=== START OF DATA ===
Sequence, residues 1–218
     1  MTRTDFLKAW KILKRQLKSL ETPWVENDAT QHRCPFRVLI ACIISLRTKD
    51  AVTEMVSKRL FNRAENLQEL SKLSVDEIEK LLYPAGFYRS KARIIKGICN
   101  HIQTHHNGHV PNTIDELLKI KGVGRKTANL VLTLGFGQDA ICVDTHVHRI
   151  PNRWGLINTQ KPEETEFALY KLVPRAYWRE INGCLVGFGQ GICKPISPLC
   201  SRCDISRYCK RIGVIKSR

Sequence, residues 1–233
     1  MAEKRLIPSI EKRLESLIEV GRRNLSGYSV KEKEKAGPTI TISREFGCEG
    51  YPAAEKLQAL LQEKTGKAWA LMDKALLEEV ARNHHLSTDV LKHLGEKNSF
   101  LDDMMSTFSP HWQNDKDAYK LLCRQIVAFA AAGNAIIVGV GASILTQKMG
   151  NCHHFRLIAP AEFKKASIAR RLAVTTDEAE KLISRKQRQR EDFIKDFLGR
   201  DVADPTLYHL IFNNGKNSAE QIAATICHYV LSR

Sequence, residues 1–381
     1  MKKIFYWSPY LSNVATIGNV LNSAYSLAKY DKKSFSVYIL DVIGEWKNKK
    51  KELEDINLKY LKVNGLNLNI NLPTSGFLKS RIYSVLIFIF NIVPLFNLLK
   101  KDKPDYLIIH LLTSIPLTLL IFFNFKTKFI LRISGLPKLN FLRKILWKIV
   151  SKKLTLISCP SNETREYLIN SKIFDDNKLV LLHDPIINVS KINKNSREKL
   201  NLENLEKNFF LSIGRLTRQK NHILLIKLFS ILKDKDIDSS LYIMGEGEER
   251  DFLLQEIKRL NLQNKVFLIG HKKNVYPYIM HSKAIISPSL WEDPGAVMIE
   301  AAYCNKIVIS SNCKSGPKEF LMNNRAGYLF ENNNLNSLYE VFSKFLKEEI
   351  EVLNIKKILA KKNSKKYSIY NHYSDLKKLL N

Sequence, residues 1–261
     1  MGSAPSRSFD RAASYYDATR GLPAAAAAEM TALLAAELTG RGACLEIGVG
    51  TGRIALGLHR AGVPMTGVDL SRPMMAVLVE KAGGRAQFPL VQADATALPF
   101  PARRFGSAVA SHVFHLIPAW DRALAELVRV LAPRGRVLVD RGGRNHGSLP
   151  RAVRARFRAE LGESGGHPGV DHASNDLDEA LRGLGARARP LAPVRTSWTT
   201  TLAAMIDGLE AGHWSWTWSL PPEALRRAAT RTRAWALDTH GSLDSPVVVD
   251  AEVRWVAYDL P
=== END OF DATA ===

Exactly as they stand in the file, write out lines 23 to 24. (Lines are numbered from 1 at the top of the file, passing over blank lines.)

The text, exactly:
     1  MGSAPSRSFD RAASYYDATR GLPAAAAAEM TALLAAELTG RGACLEIGVG
    51  TGRIALGLHR AGVPMTGVDL SRPMMAVLVE KAGGRAQFPL VQADATALPF